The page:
In the past fifty years, only a few landscape changes have altered the looks of Tooele Junior High School. But to celebrate those fifty great years, five new spring snow flowering crab apple trees were planted March 26 in the front lawn of the junior high as part of its 50-year celebration.
The beautiful trees were donated by Cargill Salt through the Tooele Education Foundation. They represent 10 years for each tree and the 50 years since Tooele Junior High School’s new building opened back in 1965. The previous building was located where the THS tennis courts are today.
The school had a full day of activities to celebrate the past 50 years. Student body officer Sydnee Bird welcomed all the junior high students, teachers and staff, who were released from class to come to the front of the school for the tree planting. Principal Terry Linares recognized former principals, former students, retired teachers and support staff, as well as community council members, board of education members and district office officials, welcoming everyone to start the celebration as the five trees were planted. Ed Dalton, director of the Tooele Education Foundation, spoke to the large crowd about the importance of the five trees.
Tooele County School District construction manager Steve West had five holes pre-dug in preparation of the ceremonial planting of the trees. Following Mr. Dalton’s words, several junior high students, with the help of Mr. West and the TJHS custodial staff, placed each of the trees in their place, planting them for future students and the community to enjoy their beauty. Following the tree planting event, student officers conducted some tours of the school for those guests in attendance.
A luncheon was held where Julia Smith, a student body officer, welcomed the large group of invited guests. As the guests visited and looked at old yearbooks, teacher Alan Watts had his orchestra class play musical numbers.
Smith told the group that the present Tooele Junior High School building is 50 years old and has 840 students, 42 teachers, two and a half counselors and 26 support staff personnel. Mrs. Terry Linares is the principal and Mrs. Lori Buhr is the assistant principal.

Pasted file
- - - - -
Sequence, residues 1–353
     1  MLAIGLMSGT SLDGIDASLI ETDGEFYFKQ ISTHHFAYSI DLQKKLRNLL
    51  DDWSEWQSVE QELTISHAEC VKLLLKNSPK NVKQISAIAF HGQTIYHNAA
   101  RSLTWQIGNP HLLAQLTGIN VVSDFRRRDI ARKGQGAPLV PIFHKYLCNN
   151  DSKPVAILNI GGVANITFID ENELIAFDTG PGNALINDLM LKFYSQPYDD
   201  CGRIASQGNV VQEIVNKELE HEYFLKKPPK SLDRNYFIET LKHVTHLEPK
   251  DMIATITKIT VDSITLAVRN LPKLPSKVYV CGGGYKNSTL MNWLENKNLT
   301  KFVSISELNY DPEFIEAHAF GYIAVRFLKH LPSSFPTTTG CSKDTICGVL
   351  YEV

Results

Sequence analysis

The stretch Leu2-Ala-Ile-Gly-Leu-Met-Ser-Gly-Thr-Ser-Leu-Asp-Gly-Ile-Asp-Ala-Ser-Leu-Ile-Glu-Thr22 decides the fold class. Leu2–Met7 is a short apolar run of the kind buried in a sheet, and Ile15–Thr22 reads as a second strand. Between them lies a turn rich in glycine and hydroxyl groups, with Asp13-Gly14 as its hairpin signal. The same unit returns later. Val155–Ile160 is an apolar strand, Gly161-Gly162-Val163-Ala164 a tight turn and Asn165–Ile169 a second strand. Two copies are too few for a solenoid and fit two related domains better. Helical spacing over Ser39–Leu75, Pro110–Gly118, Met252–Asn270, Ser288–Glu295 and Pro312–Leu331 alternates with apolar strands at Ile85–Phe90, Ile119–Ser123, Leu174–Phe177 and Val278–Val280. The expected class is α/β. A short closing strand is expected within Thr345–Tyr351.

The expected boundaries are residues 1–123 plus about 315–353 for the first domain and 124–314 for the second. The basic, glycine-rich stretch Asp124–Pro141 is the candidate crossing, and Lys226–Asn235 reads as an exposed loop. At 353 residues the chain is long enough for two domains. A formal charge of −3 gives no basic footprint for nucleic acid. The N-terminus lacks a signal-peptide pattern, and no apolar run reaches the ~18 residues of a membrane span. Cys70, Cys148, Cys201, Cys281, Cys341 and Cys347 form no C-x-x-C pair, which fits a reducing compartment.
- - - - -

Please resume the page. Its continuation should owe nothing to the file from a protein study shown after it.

Seventh grade class officer McKenna McCloy read parts of a poem titled “What Teachers Make.” McKenna recited what a teacher said in the poem — “I make kids wonder,” and “I make them question.” “I make them write,” and “I make them read, read, read.”
McKenna closed with the statement from the end of the poem. “You want to know what I make?” “I make a difference.” The closing phrase brought a round of applause from the audience.
After lunch, each of the past six principals was invited to speak and tell of some of their memories of Tooele Junior High School. The first two principals, Franklin Whitehouse and Louis Killpack, have passed away. The two administrators combined to serve more than 30 years as principal at the school.
Principal Whitehouse served from 1954 to 1973. He was represented by his son, Scott Whitehouse, who spoke of some special memories of his dad and Tooele Junior High. Principal Louis Killpack served from 1973 to 1997. His son, Mark Killpack, offered remarks about his dad.
Serving as principal from 1997 to 1999, Michael Johnsen recalled some past memories of his short time at the junior high. He went on to serve as the Tooele County School District superintendent.
Clint Spindler was principal at the junior high from 1999 to 2004. He was out of state and was represented by his wife, Julie Spindler. The fourth principal was Mr. Kendall Topham, who represented TJHS from 2004 to 2006. He gave some special memories of his years at the school.
The last past principal to speak was Larry Abraham, who acted as principal from 2006 to 2014. He gave an emotional talk of his enjoyable and special years as principal for the Tooele Junior High Roadrunners.
Following the luncheon, students presented a program to the guests. Assistant principal Lori Buhr welcomed all those who attended while a video of past years was presented.
Student body president Austin Meono conducted the program. The colors of our country were presented. Brent Larsen’s scout troop and Jackson Pike led the audience in the Pledge of Allegiance.
To open the program, teacher Marilyn Syra began with three musical numbers by the TJHS band. That was followed by a vocal arrangement by teacher Julia Smoot. Her Glee class did a musical number to the song ‘Home’. Alan Watts lead his orchestra, who played two musical numbers. Finally, the mixed chorus, led by teacher Rebecca Jorgensen, performed three musical numbers, including the updated school song.
To bring the program to a close, Principal Linares invited the special guests, former teachers and support staff and others to the stage. Several were recognized and were presented with special gifts.